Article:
We were largely remote anyway, so the shift to remote working didn’t really affect us. We gained a lot of work from companies who had been planning to do video but had their plans disrupted by the pandemic. Not only has the last year or so opened up clients who probably wouldn’t have considered podcasts before, it has also made the guests and presenters more available, because we’re not asking them to come into central London to record anymore.

How has the pandemic affected the podcast market in general?
The initial worry was that, because so much podcast listening was done during commute time, the pandemic would have a really bad effect on listener numbers. But actually what happened is that people found new ways of listening. So, from a listeners point of view there has been a positive impact.

There’s also been quite a lot of people who’ve tried out podcasting for the first time. A lot of podcasts have emerged as a result of presenters, comedians and writers, looking for creative projects when there was no TV work happening, but also just because of the growth in podcasting in general. 

What are your favourite podcasts?
Taking Apart Terror, which is one of our own, where we dig into the details of what it takes to run a terrorist organisation – how they’re financed, how they organise themselves, what they want, why we should be scared and why we shouldn’t be scared. I also love a comedy series called Beef and Dairy Network, which is ridiculously surreal and stupid, but a brilliant half hour diversion. 

Another one of ours is The Case Files which is essentially a true crime series that we created for the law firm Slater & Gordon. We tell stories through the eyes of victims and we also talk to their lawyers. You wouldn’t really know it’s brought to you by a law firm just by listening to it. Another old favourite of mine is Dear Joan and Jericha which is a brilliant comedy by Julia Davis [and Vicki Pepperdine].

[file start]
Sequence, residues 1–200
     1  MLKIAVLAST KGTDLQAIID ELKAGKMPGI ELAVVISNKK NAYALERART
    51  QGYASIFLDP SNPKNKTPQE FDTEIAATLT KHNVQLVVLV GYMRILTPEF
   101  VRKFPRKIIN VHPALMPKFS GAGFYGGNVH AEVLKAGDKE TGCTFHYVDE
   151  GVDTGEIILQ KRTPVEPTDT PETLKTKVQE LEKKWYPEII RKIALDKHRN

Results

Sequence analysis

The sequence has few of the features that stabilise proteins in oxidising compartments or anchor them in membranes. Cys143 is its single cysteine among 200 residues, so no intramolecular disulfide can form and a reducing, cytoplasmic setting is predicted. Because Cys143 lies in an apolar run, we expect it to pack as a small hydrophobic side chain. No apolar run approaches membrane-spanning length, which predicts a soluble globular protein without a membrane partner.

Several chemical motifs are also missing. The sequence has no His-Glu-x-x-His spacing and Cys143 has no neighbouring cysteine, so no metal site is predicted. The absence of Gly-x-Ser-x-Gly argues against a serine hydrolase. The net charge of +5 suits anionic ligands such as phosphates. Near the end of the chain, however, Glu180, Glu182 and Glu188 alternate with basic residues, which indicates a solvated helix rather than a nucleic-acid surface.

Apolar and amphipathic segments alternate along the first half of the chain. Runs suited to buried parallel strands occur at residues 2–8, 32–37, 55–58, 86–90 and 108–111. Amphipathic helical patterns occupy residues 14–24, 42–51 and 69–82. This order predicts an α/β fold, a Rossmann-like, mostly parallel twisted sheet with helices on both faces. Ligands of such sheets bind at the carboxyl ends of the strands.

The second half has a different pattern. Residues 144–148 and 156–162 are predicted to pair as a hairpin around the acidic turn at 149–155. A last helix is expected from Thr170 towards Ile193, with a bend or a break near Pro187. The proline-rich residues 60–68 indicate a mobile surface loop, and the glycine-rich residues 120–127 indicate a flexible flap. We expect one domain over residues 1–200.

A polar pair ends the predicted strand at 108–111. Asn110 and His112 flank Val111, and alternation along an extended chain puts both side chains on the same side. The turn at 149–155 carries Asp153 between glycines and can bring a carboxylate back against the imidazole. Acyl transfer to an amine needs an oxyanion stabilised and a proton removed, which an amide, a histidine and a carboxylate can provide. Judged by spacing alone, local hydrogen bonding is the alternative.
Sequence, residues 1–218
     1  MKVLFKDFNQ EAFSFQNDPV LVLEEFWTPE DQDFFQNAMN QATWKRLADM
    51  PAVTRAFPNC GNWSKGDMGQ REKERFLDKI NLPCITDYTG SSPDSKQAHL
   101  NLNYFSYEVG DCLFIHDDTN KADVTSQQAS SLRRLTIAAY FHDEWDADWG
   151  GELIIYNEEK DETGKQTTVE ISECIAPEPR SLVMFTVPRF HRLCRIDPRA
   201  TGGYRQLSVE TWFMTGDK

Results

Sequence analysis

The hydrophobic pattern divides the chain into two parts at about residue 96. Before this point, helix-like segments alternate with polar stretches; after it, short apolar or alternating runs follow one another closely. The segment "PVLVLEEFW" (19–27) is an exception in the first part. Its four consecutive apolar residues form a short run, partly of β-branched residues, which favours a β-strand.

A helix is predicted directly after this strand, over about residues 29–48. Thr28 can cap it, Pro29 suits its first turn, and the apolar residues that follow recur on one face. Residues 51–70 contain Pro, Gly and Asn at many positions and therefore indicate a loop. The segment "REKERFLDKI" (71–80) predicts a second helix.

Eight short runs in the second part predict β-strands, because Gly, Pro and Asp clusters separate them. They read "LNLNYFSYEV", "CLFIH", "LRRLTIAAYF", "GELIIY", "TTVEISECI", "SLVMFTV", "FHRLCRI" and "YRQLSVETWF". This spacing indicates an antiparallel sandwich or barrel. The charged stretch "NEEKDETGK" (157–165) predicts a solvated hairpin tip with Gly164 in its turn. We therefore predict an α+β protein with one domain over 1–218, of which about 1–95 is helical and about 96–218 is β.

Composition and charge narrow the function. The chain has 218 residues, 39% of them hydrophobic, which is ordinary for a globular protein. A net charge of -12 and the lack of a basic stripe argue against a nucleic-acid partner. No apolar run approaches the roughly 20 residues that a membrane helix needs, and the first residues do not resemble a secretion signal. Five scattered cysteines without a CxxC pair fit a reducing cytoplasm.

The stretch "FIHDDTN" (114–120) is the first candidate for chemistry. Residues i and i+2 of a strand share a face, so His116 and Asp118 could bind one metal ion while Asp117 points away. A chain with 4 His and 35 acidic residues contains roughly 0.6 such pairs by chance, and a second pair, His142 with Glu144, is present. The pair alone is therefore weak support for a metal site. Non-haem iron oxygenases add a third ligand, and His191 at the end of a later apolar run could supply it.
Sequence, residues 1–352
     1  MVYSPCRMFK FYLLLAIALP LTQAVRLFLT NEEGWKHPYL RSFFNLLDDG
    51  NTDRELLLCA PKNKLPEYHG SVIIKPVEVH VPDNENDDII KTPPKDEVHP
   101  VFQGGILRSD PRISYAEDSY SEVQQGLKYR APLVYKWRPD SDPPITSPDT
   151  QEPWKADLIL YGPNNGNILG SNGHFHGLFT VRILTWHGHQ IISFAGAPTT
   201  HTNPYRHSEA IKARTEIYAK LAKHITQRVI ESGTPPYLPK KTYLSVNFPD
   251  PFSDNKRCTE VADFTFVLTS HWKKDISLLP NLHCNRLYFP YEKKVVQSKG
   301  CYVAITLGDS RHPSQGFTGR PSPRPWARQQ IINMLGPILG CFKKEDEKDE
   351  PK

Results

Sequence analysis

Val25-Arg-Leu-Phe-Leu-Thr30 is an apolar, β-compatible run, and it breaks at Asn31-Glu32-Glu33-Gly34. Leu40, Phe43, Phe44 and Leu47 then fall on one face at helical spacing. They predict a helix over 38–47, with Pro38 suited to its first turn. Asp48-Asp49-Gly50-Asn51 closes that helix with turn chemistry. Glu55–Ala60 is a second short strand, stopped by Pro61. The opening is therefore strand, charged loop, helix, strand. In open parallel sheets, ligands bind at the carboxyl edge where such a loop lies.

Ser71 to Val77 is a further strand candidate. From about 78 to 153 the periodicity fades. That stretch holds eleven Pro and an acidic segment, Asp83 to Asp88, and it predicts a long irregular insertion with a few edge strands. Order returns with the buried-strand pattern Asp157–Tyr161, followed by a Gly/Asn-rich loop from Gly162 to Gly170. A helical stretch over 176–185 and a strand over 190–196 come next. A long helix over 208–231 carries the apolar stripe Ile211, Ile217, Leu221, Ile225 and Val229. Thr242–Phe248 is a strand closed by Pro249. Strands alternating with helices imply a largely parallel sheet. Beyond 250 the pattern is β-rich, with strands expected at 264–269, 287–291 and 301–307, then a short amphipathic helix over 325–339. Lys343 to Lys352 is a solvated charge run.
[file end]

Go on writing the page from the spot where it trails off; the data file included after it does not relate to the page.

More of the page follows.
Is there a podcast that you hold up as a ‘gold standard’ reference?
The reference that we use all the time, as do our clients, is This American Life. Obviously it’s extraordinarily well resourced and it’s got an enormous team behind it, but in terms of audio storytelling, creating new stories every week, holding people’s attention, and the quality of the writing and presentation, it really is the gold standard.

What’s next on the agenda for Fresh Air?
We’ve just announced a new global partnership with Pacific Content, which is the largest branded podcast production company in North America. Their clients include top brands like Facebook, McAfee and Slack, and they’ve really been our template for what we want to create over here. Going into a partnership with them means we can work together on podcasts that speak to global audiences.

We’re also bringing in Richard Blake as our new Director of Marketing and Growth. What Richard allows us to do is to have properly quantifiable conversations about how our podcasts should be promoted and what benefits they bring to the brands. He’s been working with us for the last year on a contract basis but now he’s coming on as staff. The combination of bringing his expertise in house and what we’ll gain from our new collaboration with Pacific Content is a really big step up for us.